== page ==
"Wow," he says.

"Sometimes," she says. "I feel like even if everything else goes to hell, we got this one right."

"You get a lot of things right," he says, looking at her and then back to the picture. "Thank you."

"You're welcome," she grins. "Something to keep on your desk, maybe?"

"What desk?" he teases. "If I keep it in your lab, I'll see it way more often."

She clears her throat. "I have my own copy," she admits.

Down the hall, the song changes and the kids all cheer, apparently pleased with the new loud, repetitive noise.

"We'd better get back to it," she says, now.

"How much longer til midnight?" he asks.

"Less than an hour," she replies, leading him out of the relative quiet and privacy of her bedroom. He sets the picture down on the bed before he follows. He'll retrieve it later.

Daniel is leaning in a corner, watching the kids with a beer in his hand. Carter moves off to the kitchen to talk to some of the women in there, so Jack leans next to Daniel.

"Where's Teal'c?"

"Hiding in the garage," Daniel says. "Like a coward."

"Really?" Jack chuckles.

"He muttered something about Earth children and disappeared. About the same time you and Sam went MIA too. Where ya been?" Daniel asks, waggling his eyebrows.

"She gave me a gift," Jack says primly.

"Ew, I didn't mean for you to actually tell me," Daniel says.

"A real gift, Daniel," Jack says. "A picture in a frame."


"Look, I know you are having fun on your high horse, but Major Carter and I are the professional colleagues that we always have been." Jack nods once, for emphasis.

"That's convincing," Daniel says sarcastically.

"Look, don't think I won't beat your ass just because there's a bunch of kids here and it's a holiday."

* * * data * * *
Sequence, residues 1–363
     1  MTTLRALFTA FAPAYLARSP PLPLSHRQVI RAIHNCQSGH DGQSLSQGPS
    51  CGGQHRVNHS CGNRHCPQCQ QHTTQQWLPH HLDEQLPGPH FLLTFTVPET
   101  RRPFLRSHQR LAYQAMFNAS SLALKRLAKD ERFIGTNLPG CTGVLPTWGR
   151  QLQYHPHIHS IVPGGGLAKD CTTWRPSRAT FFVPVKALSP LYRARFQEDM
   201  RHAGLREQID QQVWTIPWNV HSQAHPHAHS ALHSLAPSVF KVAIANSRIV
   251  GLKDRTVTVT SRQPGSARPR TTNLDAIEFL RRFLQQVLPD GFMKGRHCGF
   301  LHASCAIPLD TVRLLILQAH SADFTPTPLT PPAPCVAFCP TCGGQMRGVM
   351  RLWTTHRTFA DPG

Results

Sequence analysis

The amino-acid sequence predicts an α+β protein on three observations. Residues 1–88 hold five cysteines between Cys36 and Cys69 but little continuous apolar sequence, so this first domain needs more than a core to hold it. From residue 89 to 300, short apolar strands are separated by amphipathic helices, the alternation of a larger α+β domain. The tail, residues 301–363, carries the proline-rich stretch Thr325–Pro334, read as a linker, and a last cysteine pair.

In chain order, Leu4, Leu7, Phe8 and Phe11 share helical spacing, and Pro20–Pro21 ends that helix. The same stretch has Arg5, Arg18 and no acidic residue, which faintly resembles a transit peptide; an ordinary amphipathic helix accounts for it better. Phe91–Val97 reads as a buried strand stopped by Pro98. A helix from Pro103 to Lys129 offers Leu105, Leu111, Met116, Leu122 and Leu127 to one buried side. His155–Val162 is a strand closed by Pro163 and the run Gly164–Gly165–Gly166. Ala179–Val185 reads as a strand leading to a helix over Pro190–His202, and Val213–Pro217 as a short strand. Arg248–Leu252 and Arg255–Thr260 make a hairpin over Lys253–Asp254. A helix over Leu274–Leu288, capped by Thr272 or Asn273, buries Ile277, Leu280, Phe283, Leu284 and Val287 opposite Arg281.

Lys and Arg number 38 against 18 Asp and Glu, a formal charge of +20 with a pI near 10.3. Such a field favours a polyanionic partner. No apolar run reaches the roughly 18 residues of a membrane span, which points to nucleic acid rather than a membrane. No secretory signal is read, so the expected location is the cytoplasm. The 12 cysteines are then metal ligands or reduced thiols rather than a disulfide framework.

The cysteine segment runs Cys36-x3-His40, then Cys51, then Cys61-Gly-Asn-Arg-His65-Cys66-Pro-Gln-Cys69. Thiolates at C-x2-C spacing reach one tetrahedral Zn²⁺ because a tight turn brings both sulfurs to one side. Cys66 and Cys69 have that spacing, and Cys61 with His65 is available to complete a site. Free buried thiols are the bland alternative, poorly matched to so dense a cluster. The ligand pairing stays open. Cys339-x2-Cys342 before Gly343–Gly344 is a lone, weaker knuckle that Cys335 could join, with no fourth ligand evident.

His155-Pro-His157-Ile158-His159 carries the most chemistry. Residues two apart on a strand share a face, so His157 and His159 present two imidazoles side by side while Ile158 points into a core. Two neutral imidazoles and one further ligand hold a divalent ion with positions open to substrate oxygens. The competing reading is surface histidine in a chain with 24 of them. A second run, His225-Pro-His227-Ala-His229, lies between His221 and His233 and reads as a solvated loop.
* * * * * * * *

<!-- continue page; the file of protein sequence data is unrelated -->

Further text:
"As if you could, I get one shot to your knee and you'll be weeping like a baby," Daniel smirks.

Oh that's it. That is just it.

"You'd better not." Carter's voice in his ear and his abandoned beer is being pressed back into his hand.

"You are so lucky, Jackson," he murmurs, nudging Carter affectionately. "He started it."

"Did not."

"Did too."

"Did not!" Daniel says.

"Boys!" Carter snaps. "There are writhing, dancing teenagers who currently have better control of their hormones than you two."

Daniel pulls a face and mutters, "I didn't, though."

Carter reaches out and smacks the back of his head.

"Oh man," Jack says seriously. "You are the perfect woman."

"So they tell me," she says. Daniel just rolls his eyes and makes a beeline for the door to the garage.


About ten minutes before midnight, Carter is in the kitchen popping bottles of Apple Cider and one of champagne for the adults. Jack has been thinking about this moment since Christmas and he's realized something about himself. He should not, under any circumstances, be allowed to kiss Carter at midnight. It will just set a bad, bad precedent and as fantastic as doing so might be, he knows his limits.

"Hey," he says, standing next to her. "I just wanted you to know that when the ball drops, I'm not going to kiss you."

Her hands pause, the cider bottle just shy of pouring into the plastic flute. But she recovers quickly and tips it.

"All right," she says.